The San Dieguito River Valley Conservancy (SDRVC) has received a $10,000 grant from REI and a $1,000 grant from Patagonia.
The REI grant is for the repair and improvement of segments of the Bernardo Summit Trail in the San Dieguito River Park.
“Increasing access to outdoor recreation is a major goal of the Conservancy and the San Dieguito River Park Joint Powers Authority,” said SDRVC Executive Director Trish Boaz. “REI has been a long-time supporter of our efforts to provide trails for the River Park.”
The Bernardo Mountain Summit Trail provides a panoramic view of Lake Hodges to the west and San Pasqual Valley and local mountains to the east.
The nearby Coast to Crest Trail, which is accessible from the Bernardo Summit Trail, is a 70-mile trail that traverses unique landscapes from the coast in Del Mar to Volcan Mountain in Julian.
Volunteers from the Conservancy, River Park, REI and the San Diego Mountain Biking Association will participate in a volunteer work event to be scheduled in the fall of 2016.
The $1000 award from Patagonia will support the Conservancy’s growing Citizen Science Monitoring Program at the recommendation of Adventure 16.
The Citizen Science Monitoring Program uses a special class of trained volunteers, called Citizen Scientists, to follow a new protocol for monitoring biological resources on lands owned by the Conservancy and San Dieguito River Park Joint Power Authority (JPA).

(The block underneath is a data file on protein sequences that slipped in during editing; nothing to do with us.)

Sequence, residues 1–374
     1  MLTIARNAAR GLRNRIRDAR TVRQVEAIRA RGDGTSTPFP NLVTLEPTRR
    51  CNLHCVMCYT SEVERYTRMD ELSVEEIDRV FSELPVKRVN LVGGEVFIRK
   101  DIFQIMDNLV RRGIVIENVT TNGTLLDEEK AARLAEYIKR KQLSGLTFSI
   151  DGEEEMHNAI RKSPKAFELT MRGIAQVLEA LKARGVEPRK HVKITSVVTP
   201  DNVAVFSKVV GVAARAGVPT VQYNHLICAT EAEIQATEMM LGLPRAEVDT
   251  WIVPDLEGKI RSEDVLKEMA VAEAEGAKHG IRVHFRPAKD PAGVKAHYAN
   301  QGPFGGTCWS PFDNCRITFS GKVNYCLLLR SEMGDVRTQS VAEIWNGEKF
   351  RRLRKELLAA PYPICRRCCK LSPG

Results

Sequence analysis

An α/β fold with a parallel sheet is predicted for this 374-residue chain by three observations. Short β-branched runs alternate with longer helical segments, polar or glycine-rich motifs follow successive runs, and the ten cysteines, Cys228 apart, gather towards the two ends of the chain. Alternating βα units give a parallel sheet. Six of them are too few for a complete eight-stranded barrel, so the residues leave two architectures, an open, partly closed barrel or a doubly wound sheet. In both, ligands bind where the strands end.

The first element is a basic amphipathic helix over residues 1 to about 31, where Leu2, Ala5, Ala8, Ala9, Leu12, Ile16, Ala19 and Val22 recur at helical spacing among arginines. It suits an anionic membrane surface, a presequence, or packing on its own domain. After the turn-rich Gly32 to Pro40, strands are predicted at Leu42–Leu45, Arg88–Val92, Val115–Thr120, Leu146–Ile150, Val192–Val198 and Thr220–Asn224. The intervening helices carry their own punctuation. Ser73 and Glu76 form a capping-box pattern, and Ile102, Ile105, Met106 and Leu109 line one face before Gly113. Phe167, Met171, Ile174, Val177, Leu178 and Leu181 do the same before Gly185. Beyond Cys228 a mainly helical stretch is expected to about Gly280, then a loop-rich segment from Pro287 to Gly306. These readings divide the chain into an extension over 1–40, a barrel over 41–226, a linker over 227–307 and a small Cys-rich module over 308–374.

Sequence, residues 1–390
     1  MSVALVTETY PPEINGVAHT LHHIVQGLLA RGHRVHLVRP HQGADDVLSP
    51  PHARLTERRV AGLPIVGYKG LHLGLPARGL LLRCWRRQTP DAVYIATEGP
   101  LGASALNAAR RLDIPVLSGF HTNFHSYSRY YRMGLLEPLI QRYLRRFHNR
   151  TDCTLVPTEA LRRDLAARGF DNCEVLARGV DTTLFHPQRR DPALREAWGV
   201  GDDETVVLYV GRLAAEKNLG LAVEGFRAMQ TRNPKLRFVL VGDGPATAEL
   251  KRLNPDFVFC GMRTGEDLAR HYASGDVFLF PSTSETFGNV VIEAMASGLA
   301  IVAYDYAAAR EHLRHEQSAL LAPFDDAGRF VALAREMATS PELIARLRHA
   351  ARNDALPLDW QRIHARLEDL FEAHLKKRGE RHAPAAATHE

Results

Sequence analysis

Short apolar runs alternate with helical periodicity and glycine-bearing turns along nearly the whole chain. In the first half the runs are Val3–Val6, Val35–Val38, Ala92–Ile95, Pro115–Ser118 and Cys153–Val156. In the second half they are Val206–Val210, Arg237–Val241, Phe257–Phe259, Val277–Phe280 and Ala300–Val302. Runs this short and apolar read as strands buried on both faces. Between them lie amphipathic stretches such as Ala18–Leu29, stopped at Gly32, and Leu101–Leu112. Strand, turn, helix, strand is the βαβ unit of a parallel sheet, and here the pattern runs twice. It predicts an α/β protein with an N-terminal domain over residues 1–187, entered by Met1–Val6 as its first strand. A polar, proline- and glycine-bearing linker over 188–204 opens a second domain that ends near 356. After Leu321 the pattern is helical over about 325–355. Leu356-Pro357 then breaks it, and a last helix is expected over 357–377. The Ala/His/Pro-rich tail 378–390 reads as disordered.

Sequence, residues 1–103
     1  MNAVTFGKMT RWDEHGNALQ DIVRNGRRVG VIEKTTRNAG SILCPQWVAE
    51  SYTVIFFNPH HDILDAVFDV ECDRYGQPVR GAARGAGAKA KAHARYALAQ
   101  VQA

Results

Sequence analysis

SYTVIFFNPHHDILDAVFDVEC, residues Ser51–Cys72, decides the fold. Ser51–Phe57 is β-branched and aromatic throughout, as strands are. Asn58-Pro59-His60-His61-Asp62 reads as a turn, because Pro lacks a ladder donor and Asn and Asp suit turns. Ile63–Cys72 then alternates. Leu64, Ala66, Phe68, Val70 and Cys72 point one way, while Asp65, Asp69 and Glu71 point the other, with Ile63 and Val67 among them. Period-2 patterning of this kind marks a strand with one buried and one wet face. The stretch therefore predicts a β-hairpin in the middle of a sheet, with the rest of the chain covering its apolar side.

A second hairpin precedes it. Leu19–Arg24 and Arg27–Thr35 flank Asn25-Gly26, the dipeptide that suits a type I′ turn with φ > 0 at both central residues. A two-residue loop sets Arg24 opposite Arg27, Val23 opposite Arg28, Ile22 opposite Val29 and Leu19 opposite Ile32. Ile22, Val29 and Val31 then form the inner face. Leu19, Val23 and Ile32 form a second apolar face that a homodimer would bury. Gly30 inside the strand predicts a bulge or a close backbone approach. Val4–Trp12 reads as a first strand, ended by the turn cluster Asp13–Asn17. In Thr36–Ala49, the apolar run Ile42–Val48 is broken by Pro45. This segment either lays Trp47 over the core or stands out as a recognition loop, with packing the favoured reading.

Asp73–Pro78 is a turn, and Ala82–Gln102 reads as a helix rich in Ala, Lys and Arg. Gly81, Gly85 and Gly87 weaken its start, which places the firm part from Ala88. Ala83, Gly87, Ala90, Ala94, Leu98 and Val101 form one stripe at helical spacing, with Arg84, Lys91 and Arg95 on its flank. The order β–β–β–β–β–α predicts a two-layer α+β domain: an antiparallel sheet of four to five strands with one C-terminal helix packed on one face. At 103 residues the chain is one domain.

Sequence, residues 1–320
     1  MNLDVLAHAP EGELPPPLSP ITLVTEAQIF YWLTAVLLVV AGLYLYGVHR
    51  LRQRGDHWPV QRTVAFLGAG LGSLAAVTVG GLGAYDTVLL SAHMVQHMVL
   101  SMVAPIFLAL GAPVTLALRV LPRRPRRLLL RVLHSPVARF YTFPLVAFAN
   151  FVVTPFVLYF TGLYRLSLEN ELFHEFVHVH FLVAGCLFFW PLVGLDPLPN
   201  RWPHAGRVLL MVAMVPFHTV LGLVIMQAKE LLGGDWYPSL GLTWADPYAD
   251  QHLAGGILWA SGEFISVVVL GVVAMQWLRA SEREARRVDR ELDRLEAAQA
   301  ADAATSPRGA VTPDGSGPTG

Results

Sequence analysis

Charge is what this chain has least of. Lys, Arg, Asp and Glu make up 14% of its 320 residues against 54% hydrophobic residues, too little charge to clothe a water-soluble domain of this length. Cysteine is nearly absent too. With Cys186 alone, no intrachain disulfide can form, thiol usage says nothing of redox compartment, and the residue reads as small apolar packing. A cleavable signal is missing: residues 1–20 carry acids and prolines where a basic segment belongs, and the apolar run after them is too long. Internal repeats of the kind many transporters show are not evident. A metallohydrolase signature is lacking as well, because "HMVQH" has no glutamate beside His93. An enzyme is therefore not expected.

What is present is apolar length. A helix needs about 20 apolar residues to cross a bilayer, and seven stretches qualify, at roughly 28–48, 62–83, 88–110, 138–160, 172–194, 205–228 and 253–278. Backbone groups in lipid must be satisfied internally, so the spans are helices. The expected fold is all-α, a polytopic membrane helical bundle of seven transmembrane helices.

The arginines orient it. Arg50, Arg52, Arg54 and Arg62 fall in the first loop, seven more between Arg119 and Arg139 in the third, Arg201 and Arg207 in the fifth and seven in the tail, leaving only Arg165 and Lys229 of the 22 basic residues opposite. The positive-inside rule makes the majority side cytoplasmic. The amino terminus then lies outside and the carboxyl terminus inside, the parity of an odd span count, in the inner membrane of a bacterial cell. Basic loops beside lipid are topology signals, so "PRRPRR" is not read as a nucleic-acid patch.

Citizen Science engages people of all ages in botanical and bird surveys as well as mammal tracking and herp (reptiles and such) surveys, using protocols developed by the San Diego Management and Monitoring Program. Data collected by Citizen Scientists is uploaded to the regional database maintained by the U.S. Geological Survey.
“Our Citizen Science Monitoring Program continues to grow and gain momentum. Over 200 Citizen Scientists have surveyed argentine ants, birds, rare plants and herps, and tracked wildlife throughout the River Park,” said Boaz. “We appreciate the support of Patagonia and Adventure 16 for this project.”
The Conservancy and its partners have surveyed two properties since 2014. At Bernardo Mountain, a total of 202 plant species and 75 wildlife species have been detected during the 2016 surveys, including four invertebrates, six mammals, 59 birds and six reptiles.
A total of 172 plant species and 95 wildlife species were detected during the 2014/2015 surveys at the River Park JPA headquarters, including nine invertebrates, nine mammals, 66 birds, 10 reptiles and one amphibian.
More about the Citizen Science Monitoring Program and results can be found at: http://goo.gl/5BYcLY